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Unicystic ameloblastoma

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Author: Sanketh DS, MDS


Unicystic ameloblastoma is considered to be a distinct type of a clinico-radiological and histological presentation of ameloblastoma. This type has been estimated to account for 5 %- 22% of all ameloblastomas reported. Much confusion exists with regards to the terminology used for this lesion. While one group of pathologists prefer to name this entity unicystic ameloblastoma another prefers to refer them as cystic ameloblastoma.

Let’s get some things clear before moving into details of this tumor. Conventional ameloblastoma also refered to as multicystic ameloblastoma is essentially a tumor with multiple islands of tumor cells which may undergo cystic degeneration to form multiple microcysts. Let us try recollecting the histology of multicystic ameloblastoma to understand this. There are either multiple follicular islands undergoing cystic degeneration at the centre of the islands or plexiform networks with the cystic degeneration happening in the connective tissue. This may give rise to the appearance of multiple cysts and hence the name multi-cystic ameloblastoma.

Unicystic ameloblastoma,however, is a cystic tumor, meaning it has the components of a cyst but behaves like a tumor. It is one large cyst with a central lumen, an ameloblastic epithelial lining and a connective tissue capsule.


Three different mechanisms have been proposed for the lesion’s pathogenesis:

1. It has been widely hypothesised to arise from dentigerous cysts and other cysts where the non-neoplastic lining of these cysts undergo an ameloblastic transformation.
2. The reduced enamel epithelium wrapping the developing tooth may undergo an ameloblastic transformation to give rise to a subsequent unicystic ameloblastoma.
3. Multiple microcysts formed in a conventional ameloblastoma may fuse together to form a single cystic cavity to form a unicystic lesion!


Unicystic ameloblastomas are often seen in younger patients with a mean age of 23 years as compared to multicystic ameloblastomas occurring in the third decade. It has an almost equal gender predilection and occurs predominantly in the mandible in the posterior regions (90%). The lesion may cause a local swelling, occasionally pain and signs of lip numbness. Otherwise the lesion is often asymptomatic.


1. This lesion typically occurs as a unilocular lesion, very often surrounding the crown of an unerupted third molar mimicking a dentigerous cyst.

2. It may appear as a unilocular lesion in a “non-dentigerous” relation to the tooth mimicking other cysts depending on the location.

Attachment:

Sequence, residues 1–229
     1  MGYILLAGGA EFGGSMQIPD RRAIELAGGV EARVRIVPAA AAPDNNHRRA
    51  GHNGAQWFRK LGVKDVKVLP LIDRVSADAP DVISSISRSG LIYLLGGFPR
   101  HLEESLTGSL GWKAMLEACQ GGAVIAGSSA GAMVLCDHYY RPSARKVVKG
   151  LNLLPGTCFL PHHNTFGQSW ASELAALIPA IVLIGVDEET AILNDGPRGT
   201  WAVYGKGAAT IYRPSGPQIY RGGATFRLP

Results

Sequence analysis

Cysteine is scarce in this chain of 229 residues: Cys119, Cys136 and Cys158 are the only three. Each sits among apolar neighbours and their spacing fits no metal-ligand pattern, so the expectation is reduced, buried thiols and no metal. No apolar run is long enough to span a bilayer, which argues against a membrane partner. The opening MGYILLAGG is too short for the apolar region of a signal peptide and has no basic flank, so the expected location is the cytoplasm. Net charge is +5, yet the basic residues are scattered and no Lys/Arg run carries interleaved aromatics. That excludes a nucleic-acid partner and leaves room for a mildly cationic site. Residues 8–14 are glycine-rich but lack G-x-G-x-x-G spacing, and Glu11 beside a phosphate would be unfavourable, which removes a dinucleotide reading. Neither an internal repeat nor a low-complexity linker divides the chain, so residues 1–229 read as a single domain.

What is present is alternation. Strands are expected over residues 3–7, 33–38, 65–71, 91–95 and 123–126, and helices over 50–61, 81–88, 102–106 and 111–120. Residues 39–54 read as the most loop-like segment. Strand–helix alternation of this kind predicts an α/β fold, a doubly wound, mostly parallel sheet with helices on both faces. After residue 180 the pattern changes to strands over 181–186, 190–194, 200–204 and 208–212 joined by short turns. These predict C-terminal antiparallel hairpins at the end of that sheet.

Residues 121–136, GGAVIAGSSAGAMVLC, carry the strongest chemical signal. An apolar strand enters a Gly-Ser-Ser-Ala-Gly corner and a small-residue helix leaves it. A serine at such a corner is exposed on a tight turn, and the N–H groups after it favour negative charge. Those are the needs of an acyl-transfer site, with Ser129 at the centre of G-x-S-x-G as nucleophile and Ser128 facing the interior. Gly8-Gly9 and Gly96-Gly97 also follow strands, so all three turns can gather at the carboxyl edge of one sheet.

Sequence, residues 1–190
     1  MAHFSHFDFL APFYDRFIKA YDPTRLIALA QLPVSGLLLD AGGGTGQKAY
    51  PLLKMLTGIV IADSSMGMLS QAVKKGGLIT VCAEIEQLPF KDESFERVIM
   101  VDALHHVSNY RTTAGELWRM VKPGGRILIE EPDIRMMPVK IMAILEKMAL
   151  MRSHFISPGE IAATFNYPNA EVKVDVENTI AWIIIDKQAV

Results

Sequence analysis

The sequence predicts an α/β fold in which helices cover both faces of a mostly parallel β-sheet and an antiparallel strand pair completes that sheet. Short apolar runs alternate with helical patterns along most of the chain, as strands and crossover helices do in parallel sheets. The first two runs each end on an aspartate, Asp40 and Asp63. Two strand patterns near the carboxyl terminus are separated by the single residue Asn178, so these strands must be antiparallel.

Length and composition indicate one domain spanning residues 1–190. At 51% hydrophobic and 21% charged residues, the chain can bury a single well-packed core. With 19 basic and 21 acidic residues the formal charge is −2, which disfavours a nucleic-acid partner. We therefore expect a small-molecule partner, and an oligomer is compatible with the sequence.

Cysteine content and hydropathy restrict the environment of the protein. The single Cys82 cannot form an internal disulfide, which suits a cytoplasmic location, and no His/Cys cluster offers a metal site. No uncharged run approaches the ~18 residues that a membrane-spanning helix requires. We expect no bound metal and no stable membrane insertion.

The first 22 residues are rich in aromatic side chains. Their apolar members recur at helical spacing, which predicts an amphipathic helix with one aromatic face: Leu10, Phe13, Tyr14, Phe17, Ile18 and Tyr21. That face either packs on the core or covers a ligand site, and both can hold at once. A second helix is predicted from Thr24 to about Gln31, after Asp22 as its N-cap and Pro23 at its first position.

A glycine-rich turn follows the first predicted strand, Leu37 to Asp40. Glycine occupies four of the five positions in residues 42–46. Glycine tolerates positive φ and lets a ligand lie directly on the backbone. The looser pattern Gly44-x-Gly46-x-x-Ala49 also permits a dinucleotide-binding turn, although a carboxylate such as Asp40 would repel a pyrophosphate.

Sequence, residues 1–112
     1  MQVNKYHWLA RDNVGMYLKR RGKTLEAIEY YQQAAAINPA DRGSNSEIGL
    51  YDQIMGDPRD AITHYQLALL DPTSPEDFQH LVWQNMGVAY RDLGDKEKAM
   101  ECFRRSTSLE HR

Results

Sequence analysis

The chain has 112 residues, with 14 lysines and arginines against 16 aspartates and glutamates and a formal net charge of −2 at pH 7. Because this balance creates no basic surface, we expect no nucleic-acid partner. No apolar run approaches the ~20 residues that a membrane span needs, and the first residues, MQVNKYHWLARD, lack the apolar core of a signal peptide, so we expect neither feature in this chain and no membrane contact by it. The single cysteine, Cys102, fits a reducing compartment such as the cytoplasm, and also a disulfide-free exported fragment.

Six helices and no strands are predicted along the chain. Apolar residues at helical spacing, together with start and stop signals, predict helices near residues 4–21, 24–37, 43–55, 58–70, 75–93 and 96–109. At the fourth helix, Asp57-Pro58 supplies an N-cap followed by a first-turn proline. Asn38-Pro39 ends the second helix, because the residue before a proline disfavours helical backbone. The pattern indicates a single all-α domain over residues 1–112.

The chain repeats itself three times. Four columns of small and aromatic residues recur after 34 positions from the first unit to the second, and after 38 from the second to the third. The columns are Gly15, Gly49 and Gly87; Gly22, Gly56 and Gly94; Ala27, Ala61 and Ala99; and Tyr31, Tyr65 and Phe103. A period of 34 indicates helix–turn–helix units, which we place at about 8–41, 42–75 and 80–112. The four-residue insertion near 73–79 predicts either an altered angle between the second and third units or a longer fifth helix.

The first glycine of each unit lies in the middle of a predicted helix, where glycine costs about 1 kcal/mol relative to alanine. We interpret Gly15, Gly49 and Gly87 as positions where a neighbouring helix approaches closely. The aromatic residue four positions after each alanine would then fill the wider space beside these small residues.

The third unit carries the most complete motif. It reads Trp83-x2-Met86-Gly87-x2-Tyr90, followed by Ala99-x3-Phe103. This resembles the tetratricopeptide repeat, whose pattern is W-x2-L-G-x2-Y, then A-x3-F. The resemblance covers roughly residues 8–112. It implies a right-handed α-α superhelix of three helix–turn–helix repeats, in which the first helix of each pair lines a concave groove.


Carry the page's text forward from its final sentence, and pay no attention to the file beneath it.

3. Root resorption has been described in numerous cases.

4. Unicystic ameloblastoma ironically, have also been reported to show multi-locular appearences.


Three distinct types of unicystic ameloblastoma have been described.

1. The first type, called luminal unicystic ameloblastoma consists of a fibrous cystic wall with a lumen and an ameloblastic epithelial lining. The lining shows (Vicker’s and Gorlin’s Criteria):  

a) a basal layer of cuboidal to columnar cells with a nucleus that is palisaded, hyperchromatic with reverse polarity
b) basilar cytoplasmic vacuolisation
c) sub-epithelial hyalinisation

The superficial epithelial cells resemble the stellate reticulum.

2. The second variant is called intraluminal type with papillary nodules of epithelium projecting into the lumen. These nodules on cross-section, frequently show a plexiform pattern of ameloblastic epithelium. This variant is thus also referred to as plexiform unicystic ameloblastoma.

3. The third variant has follicular or plexiform islands of odontogenic epithelium similar to conventional ameloblastoma in the cystic wall of the lesion. This type is referred to as mural unicystic ameloblastoma.

Even the surgical findings may suggest the lesion removed to be a cyst and requires microscopic analysis for a diagnosis of unicystic ameloblastoma.


These lesions thought to be odontogenic cysts clinico-radiologically are treated by enucleation and are confirmed to be unicystic ameloblastomas only after microscopic analysis. They are less aggressive in behaviour and have much lesser recurrence rates as compared to conventional ameloblastomas and hence are treated with a conservative approach like enucleation and close radiographic observation. Some surgeons believe in a local resection as a prophylactic measure. However, it is agreed that, in the mural variant of the lesion the islands may extend through the fibrous wall and may invade bone. Hence mural unicystic ameloblastomas are treated by local resection of the area of lesion.


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Rajendran R, Sivapathasundaram B. Shafer’s Textbook of Oral Pathology. 6 th ed. Elsevier; 2008.

Neville BW, Damm DD, Allen CM, Chi A. Oral and Maxillofacial Pathology. South Asian ed. Elsevier; 2016.

Regezzi JA, Sciubba JJ, Jordan RCK. Oral Pathology: Clinical Pathologic Correlations. 5 th ed. Elsevier; 2007.

Sapp JP, Eversole LR, Wysocki GP. Contemporary Oral and Maxillofacial Pathology. 2 nd ed. Mosby; 2004.

Odell E, Cawson R, Porter S. Essentials of Oral Pathology and Medicine. 7 th ed. Elsevier; 2002.


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